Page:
Honey vs Sugar
First what is sugar??Sugar or sucrose, is a carbohydrate that occurs naturally in every fruit and vegetable in the plant kingdom. It is the major product of photosynthesis, the process by which plants transform the sugar energy into food. Sugar occurs in greatest quantities in sugar cane and sugar beets from which it is separated for commercial use.
Second what is honey??Honey is a sweet food made by bees using nectar from flowers. The variety produced by honey bees (the genus Apis) is the one most commonly referred to, as it is the type of honey collected by beekeepers and consumed by humans. Honey produced by other bees and insects has distinctly different properties. Honey bees transform nectar into honey by a process of regurgitation and evaporation. They store it as a primary food source in wax honeycombs inside the beehive.
Honey gets its sweetness from the monosaccharides fructose and glucose, and has approximately the same relative sweetness as that of granulated sugar..It has attractive chemical properties for baking and a distinctive flavor that leads some people to prefer it over sugar and other sweeteners.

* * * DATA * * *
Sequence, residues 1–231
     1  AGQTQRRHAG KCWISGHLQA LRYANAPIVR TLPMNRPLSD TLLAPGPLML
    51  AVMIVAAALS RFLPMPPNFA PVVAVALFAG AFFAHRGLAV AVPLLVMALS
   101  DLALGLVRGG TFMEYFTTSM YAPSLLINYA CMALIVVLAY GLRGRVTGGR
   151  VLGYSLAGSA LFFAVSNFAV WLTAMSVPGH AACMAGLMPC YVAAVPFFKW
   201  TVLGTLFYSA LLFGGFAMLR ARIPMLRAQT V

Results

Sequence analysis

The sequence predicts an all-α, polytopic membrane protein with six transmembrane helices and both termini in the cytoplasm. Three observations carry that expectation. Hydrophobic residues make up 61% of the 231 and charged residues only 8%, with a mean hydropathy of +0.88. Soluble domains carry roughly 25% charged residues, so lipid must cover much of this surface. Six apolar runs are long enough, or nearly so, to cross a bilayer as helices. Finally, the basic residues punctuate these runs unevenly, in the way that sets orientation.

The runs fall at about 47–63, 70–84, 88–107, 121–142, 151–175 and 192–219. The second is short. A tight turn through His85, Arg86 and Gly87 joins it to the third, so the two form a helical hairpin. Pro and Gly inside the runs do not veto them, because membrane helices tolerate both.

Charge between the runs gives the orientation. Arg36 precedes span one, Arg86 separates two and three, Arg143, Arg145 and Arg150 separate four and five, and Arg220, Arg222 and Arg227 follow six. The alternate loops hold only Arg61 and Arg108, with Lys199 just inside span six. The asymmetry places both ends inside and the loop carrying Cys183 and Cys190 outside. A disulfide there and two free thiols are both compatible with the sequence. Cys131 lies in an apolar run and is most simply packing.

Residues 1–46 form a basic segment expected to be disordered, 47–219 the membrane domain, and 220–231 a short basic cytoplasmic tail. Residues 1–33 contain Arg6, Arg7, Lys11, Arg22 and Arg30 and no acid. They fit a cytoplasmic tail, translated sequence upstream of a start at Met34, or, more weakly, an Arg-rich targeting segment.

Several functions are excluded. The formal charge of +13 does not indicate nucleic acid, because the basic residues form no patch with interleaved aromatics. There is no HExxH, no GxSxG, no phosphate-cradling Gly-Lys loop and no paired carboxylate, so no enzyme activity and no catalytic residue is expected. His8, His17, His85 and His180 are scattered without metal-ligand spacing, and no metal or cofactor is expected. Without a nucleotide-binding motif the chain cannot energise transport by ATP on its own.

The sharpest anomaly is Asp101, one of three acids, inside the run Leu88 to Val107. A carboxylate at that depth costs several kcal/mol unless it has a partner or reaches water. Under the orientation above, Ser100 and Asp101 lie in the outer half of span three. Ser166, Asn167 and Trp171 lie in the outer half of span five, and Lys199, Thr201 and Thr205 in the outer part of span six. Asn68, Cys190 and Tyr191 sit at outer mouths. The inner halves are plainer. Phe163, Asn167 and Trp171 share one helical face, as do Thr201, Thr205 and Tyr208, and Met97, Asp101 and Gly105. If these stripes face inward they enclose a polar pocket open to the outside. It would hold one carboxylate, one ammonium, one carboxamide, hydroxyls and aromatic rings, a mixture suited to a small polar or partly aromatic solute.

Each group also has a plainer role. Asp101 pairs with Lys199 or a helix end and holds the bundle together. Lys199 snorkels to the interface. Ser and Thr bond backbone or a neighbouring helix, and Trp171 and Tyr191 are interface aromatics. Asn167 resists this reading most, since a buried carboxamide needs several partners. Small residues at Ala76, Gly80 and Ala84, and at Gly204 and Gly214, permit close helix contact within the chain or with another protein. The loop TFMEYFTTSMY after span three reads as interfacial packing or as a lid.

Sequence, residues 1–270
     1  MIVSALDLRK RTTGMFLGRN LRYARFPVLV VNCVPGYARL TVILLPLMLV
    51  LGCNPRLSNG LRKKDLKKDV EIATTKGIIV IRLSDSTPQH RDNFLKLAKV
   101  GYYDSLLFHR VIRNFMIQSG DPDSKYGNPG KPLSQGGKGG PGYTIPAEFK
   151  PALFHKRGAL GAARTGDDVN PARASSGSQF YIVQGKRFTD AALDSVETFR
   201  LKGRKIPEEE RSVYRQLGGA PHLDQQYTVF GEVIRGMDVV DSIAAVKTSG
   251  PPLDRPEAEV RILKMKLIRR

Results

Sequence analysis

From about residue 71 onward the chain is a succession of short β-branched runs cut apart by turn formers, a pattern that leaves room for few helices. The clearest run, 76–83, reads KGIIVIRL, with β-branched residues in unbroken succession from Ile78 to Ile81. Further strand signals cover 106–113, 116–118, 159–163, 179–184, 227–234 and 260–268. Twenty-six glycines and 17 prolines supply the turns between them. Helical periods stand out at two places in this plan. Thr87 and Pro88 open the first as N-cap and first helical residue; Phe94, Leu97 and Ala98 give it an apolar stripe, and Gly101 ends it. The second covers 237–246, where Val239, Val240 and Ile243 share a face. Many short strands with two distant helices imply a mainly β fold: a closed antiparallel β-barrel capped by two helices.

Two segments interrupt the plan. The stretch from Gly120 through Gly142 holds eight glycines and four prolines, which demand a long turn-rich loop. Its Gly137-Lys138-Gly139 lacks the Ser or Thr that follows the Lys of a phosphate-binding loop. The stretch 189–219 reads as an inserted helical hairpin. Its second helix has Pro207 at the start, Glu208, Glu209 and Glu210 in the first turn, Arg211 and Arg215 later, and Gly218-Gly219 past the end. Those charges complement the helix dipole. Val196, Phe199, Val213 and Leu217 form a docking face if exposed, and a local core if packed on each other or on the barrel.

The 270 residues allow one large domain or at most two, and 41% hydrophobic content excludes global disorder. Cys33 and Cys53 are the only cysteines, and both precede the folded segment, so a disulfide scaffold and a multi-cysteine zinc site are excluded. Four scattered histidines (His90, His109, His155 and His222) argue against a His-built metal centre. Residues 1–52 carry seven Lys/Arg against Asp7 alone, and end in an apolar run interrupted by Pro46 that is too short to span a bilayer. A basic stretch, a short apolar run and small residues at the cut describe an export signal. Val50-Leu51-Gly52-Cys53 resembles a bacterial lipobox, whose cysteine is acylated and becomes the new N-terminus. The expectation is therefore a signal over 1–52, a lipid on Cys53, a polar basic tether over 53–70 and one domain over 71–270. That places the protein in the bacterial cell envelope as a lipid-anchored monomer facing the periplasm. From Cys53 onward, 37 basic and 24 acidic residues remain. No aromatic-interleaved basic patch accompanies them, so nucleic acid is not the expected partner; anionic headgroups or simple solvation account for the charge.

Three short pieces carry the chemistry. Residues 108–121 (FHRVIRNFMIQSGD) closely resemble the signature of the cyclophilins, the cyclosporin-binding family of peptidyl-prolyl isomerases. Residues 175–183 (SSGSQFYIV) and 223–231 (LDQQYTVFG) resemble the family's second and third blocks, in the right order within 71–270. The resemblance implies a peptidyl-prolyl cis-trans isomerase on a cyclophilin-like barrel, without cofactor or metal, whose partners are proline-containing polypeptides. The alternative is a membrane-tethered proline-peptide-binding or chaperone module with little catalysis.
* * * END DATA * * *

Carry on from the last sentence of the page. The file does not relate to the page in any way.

How many kinds of sugar are there out there???You might be surprised by this answer!!! Would you have guessed over 25? I did not think it was that many.
Bakers Special Sugar - The crystal size of Bakers Special is even finer than that of fruit sugar. As its name suggests, it was developed specially for the baking industry. Bakers Special is used for sugaring doughnuts and crumb texture.Castor/caster sugar Spelled both "caster" and "castor." The spelling castor sugar used to be the prevailing one, but caster sugar seems to be more usual now, perhaps because it is used by some sugar manufacturers on their packaging. See superfine sugar. UK castor/caster sugar is very finely granulated sugar (finer than U.S. granulated sugar) which allows it to dissolve almost instantly. In the United States, superfine sugar or the new Baker's sugar may be substituted. It is called "berry sugar" in British Columbia.Confectioners or powdered sugar - In Canada and Great Britain (England) it is called icing sugar and in France sucre glace. This sugar is granulated sugar ground to a smooth powder and then sifted. It contains about 3% cornstarch to prevent caking. Powdered sugar is ground into three different degrees of fineness. The confectioners sugar available in supermarkets – 10X – is the finest of the three and is used in icings, confections and whipping cream. The other two types of powdered sugar are used by industrial bakers.